Another thing that we are seeing in Switzerland is a tie in between Covid Deniers and supporters of Russia’s invasion. There are a couple of different thoughts behind this. One is that simply these people are ANTI MAINSTREAM thought. If the majority of the population says the sky is blue and the sun is shining; these people will say it is cloudy. Another thought process is that these groups tend to use Russian sponsored means of communication and possibly they have opened themselves up to a lot more pro Russian propaganda than the average person sees. A third view simply says these people are all conspiracy believing people. According to a conspiracy specialist here, these people view Russia as the only government that ever tells the truth. Because they believe Russia always tells the truth, it is very difficult for them to make Russia the bad guy. These people have to keep supporting Russia, otherwise the entire house of cards begins to collapse. If Russia is the bad guy in this instance, then a lot of the other things they have believed may not be true either.
In another example of Swiss logic. It is OK for the government to impose economic sanctions on Russia for the invasion. Russia was the instigator, and therefore since they broke society’s norms they can be punished. HOWEVER, Switzerland also put sanctions on flights into and out of Russia. So to be neutral, they did the same with Ukraine. They took this one step further. There can be no flights over Switzerland that could be used to support Ukraine in their fight. So no planeloads of javeline missiles. They will allow humanitarian flights, though.
In a final piece of news from Switzerland. Last week the government rejected the idea of foreigners voting in federal elections. There are some cantons in Switzerland that allow foreign residents to vote in local elections. Like all voting regulations there are some requirements like living in the same town for at least five years, having no legal problems, etc… Over 25% of residents in Switzerland are NOT swiss citizens. This is a pretty large percentage of the population. So there was a proposal that said basically if you are over the age of 18, a contributing member of society (pay taxes), and you have lived here for five years you can now vote. I figured the odds of this happening were pretty slim, and it was rejected soundly at the committee level. 17 votes against to only 3 votes for the proposal.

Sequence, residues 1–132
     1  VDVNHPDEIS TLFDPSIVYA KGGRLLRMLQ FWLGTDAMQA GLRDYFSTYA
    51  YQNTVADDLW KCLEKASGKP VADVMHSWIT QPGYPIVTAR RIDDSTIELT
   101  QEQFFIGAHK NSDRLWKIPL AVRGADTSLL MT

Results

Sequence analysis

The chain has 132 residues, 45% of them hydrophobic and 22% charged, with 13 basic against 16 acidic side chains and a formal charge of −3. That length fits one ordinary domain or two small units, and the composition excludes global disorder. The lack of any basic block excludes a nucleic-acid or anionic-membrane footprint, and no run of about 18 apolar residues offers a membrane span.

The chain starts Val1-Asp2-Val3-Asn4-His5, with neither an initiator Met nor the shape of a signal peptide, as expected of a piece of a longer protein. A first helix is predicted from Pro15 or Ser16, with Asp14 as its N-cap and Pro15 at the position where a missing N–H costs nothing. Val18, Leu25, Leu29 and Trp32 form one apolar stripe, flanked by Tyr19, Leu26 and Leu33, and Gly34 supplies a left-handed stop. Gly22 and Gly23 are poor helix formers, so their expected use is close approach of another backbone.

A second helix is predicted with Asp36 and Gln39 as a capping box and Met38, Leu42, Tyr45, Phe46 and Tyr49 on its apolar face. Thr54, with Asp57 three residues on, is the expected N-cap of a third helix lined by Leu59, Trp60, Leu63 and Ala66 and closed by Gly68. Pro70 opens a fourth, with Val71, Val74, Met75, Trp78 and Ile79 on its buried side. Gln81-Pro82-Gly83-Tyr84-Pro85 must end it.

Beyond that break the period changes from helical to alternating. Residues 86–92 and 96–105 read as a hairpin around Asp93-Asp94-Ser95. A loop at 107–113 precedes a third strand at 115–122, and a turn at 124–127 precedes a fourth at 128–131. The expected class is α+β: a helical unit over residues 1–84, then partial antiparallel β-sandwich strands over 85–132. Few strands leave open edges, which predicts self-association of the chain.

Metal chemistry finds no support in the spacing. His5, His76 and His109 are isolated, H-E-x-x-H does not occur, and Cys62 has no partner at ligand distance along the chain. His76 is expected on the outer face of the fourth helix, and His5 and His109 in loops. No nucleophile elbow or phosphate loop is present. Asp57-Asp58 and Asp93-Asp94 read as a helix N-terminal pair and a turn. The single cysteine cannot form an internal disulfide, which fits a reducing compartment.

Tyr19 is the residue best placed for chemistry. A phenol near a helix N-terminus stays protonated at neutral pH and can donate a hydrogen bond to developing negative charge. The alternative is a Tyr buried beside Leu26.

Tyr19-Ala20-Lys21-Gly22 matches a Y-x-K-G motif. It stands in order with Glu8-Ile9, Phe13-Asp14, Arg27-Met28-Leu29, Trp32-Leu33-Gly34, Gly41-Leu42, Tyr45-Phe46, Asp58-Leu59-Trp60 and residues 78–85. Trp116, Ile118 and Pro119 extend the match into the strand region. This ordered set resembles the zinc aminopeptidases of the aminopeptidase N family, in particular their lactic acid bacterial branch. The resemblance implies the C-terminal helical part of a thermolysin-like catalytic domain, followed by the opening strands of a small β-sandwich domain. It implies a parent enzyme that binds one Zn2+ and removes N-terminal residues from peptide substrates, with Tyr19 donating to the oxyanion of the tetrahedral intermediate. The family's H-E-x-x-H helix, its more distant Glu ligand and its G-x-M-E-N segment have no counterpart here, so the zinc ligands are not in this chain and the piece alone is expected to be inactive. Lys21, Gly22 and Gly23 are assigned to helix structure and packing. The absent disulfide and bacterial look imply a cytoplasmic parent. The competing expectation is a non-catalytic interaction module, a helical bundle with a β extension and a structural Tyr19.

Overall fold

A comment made by one of the politicians that made me laugh out loud was this one, “If someone wants to vote all they have to do is go through the naturalization process.” This is almost a joke. Switzerland has some of the most stringent methods to become a citizen of any country I am aware. There are literally people that are on their third generation of living in Switzerland that have not been able to become citizens. The biggest problem seems to be that there are minimum national standards on citizenship, but each canton, and then each community can add to those standards. I agree that taking a test to show you understand the constitution, and history of the country is a good thing. I agree that you should become a part of the community and become integrated into the culture. I do not think you should be denied citizenship because you wear sweatpants around town. (True Story, https://www.thelocal.ch/20160609/immigrant-family-denied-swiss-citizenship-over-choice-of-clothes/) Or because you did not know what canton claims to have invented raclette. (The answer to that one if you are interested is Valais.)
Oh well, I know I will not be here long enough to be meet the requirements for citizenship anyway.
I hope you have a great week. This weekend Julie and I driving to Munich for a couple of nights. So next week, I will have some pictures of a new city. Wednesday the temperature is supposed to get up to about 70; so I plan on going for a bike ride around the lake. I will bring my GoPro and have some video to share.